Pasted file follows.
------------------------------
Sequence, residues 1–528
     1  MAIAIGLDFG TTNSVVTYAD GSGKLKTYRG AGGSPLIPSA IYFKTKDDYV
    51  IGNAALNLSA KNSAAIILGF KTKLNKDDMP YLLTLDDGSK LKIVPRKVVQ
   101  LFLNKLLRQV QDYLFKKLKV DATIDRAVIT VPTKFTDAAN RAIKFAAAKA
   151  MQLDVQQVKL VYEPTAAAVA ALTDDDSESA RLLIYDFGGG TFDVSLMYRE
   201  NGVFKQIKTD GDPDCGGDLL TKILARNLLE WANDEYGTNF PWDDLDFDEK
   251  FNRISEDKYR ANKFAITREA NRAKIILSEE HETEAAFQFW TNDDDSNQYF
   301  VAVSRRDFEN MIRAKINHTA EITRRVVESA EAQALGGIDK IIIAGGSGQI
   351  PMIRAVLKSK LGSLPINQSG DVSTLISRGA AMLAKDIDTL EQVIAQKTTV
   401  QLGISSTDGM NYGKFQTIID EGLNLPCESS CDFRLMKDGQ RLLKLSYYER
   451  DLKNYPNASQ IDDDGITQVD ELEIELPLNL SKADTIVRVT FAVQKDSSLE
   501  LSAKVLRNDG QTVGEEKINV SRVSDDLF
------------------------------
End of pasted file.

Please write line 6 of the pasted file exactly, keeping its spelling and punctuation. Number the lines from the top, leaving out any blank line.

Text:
   201  NGVFKQIKTD GDPDCGGDLL TKILARNLLE WANDEYGTNF PWDDLDFDEK